UT coach Tricia Cullop , left, said Imma Zanoguera has gained confidence from playing for Spain's U-20 team.
THE BLADE/LORI KING
There are four newcomers this season to the University of Toledo women’s basketball team: Freshmen Michele Hayes, Cat Wells, and Kendyl Nunn — and sophomore Inma Zanoguera.
It is true that Zanoguera, the sixth man from a year ago, does not technically qualify as an addition, but just about everything about her has changed.
The Spaniard arrived to campus this semester with a chiseled frame, vaguely resembling the stocky forward fans saw come off the bench during her promising rookie season. Her confidence is greater, this the result of her playing a starring role in her country’s run this summer to the U-20 European title. And the cultivation of her verbal skills allows her to explain her transformations in clarity.
With the graduation of two seniors at or around her position, big things will be asked of Zanoguera once the season kicks off Nov. 4 in a home exhibition game against Wayne State.
"When you win a championship and you have that in your back pocket, I think you understand what it takes to win the next one," coach Tricia Cullop said, comparing Spain’s triumph to Toledo’s quest for a Mid-American Conference title. "That experience gave her a lot of confidence. She seems even more determined and she’s also in great shape. She’s added a lot to practice and we’re glad to have her back."
Zanoguera, although not overweight a year ago when she averaged 3.9 points and 1.1 assists, said she "dropped a couple of pounds." Fifteen, in fact, and she looks like she could compete favorably in a push-up contest against the football team.
Zanoguera is targeted to play small forward, replacing the sharp-shooting Haylie Linn. Her reduction of bulk might equate to her also getting minutes at shooting guard, a position vacated by the nation’s leading 3-point shooter, Courtney Ingersoll.
"I’m sure it’s going to help me, especially trying to play the wing more and trying to step up for Haylie and Courtney," she said.
Zanoguera did little this summer beyond playing basketball. She spent the first part of summer in her native Llucmajor working out by herself before joining her teammates for a three-week training camp. A few exhibitions preceded the main event in Hungary, in which Spain won eight of nine games in Division A, which is designated for the continent’s best teams. She contributed 10 points, six rebounds, four steals, and three assists in a 59-46 win against Russia in the gold medal game.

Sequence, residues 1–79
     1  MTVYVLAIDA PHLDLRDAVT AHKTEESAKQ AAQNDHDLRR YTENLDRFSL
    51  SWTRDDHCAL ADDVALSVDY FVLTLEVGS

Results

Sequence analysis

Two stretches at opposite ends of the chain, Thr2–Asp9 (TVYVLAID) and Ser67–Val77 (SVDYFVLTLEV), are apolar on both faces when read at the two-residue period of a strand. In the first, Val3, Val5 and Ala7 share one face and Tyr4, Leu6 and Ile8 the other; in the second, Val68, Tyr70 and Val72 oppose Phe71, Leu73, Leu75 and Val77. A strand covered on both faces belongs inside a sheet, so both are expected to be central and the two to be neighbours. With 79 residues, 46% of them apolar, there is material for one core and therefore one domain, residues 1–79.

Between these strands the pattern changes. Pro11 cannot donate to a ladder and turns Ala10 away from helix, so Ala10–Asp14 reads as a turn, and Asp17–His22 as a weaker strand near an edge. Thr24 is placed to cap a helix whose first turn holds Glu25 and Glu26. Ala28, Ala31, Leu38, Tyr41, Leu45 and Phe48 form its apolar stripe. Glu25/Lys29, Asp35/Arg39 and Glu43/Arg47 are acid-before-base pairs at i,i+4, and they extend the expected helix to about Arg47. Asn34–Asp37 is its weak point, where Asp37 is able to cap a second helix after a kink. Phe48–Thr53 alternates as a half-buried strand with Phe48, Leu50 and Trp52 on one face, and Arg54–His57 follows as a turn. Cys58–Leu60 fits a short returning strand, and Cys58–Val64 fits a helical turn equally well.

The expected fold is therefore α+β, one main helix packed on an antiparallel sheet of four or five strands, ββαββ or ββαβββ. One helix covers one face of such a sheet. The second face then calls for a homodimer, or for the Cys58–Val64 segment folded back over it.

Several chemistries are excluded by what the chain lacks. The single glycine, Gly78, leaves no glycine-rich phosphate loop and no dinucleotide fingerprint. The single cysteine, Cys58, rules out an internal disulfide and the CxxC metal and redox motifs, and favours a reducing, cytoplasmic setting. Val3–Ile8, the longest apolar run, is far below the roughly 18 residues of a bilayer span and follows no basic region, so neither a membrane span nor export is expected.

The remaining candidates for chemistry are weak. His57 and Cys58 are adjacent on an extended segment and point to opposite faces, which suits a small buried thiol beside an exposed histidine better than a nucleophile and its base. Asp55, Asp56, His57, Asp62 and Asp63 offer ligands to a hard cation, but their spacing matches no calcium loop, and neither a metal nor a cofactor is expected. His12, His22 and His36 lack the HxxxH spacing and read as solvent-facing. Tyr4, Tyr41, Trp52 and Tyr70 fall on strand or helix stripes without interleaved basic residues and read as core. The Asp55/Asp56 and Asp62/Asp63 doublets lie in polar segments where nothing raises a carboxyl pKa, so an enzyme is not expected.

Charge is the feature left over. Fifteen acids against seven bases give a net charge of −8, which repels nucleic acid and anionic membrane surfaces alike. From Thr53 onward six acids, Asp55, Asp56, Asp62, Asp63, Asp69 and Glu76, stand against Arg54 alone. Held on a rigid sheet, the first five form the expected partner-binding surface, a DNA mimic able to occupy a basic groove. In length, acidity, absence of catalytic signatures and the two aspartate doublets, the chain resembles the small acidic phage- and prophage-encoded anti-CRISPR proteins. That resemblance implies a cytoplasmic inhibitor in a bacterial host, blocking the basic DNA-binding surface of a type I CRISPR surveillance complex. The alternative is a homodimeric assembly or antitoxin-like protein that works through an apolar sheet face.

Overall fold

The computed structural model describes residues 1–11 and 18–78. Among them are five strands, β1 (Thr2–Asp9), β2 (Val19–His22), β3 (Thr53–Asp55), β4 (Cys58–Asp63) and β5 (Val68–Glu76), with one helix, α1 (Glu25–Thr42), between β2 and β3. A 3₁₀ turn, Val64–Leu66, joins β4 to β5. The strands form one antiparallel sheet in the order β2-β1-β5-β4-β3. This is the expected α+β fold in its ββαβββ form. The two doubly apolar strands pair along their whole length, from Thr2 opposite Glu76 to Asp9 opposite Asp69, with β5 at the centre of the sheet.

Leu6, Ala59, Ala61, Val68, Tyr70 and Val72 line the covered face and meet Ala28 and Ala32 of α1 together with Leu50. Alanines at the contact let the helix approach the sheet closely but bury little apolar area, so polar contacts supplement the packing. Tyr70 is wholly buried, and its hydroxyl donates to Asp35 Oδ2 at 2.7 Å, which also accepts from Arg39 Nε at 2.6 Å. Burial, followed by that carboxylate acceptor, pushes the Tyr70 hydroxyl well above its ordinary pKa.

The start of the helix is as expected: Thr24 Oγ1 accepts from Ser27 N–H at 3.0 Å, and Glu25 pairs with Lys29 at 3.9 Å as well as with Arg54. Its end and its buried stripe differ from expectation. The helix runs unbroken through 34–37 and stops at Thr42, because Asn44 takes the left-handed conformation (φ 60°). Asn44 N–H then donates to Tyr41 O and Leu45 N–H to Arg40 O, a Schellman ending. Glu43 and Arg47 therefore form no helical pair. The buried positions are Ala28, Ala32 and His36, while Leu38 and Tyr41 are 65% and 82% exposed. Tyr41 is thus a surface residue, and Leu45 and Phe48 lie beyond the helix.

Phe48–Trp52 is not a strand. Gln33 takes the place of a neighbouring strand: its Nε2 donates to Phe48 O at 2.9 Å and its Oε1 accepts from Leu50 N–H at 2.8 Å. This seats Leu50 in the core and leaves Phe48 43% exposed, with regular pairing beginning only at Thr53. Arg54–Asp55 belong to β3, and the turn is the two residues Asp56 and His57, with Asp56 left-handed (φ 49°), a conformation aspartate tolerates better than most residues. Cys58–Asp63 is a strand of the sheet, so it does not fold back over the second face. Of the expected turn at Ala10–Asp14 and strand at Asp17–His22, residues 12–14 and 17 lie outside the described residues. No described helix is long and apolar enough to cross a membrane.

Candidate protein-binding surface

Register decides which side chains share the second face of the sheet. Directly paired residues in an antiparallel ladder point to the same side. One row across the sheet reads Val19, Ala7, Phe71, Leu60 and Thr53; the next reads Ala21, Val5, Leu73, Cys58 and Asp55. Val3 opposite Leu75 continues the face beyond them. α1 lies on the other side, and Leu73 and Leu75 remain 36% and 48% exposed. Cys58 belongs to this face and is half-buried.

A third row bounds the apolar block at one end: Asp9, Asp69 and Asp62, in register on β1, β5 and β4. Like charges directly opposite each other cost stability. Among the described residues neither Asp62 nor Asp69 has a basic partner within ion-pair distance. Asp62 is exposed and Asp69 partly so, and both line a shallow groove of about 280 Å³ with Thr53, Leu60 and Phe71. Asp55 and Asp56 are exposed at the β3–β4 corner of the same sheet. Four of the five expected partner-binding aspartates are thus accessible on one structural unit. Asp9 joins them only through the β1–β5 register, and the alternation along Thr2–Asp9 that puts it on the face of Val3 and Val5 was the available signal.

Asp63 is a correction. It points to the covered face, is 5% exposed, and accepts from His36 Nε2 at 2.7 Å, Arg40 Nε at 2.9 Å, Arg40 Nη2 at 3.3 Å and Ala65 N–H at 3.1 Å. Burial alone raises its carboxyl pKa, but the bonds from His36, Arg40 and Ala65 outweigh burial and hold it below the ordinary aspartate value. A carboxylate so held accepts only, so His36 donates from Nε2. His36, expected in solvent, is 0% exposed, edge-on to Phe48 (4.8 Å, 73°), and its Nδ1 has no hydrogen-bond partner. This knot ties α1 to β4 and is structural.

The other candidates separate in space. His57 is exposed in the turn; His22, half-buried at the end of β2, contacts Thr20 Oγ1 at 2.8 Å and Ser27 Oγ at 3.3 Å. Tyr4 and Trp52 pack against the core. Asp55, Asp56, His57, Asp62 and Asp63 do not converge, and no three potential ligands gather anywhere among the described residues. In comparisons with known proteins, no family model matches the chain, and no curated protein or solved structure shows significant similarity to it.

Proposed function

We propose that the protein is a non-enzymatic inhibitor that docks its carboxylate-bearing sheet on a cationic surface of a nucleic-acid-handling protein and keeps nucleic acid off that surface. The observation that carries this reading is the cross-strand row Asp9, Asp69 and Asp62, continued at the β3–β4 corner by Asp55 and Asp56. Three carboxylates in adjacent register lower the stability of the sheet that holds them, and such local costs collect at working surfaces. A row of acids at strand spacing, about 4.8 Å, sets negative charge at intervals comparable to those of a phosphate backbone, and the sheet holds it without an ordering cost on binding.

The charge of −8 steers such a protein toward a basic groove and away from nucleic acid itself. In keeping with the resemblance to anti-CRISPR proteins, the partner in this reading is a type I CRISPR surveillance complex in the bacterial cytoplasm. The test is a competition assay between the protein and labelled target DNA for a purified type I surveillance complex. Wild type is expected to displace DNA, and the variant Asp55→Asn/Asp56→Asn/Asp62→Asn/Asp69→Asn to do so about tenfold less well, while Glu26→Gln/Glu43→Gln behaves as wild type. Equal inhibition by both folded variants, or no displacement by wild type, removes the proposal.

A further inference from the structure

Her Rockets teammates watched a couple of games online and, according to point guard Naama Shafir, Zanoguera "looked great and she’s in really good shape."
"I was part of the European championship in the past, and I know what it takes to win Division A, so I respect it a lot," Shafir, of Israel, said.
Listed on the roster by her full first name of Inmaculada, Zanoguera logged 22.1 minutes per contest — fourth most on her team — and averaged 6.2 points and 5.9 rebounds.
Zanoguera’s familiarity with the English language was limited before she arrived at UT, and spending the summer speaking Spanish, she believes, has curtailed her development.
"I have to think about every single word I say," she said. "It definitely doesn’t come easy or automatic."
In truth, she’s being self conscious. Her vocabulary, just like her game and her physique, is better.
Contact Ryan Autullo at: firstname.lastname@example.org, 419-724-6160 or onTwitter @AutulloBlade.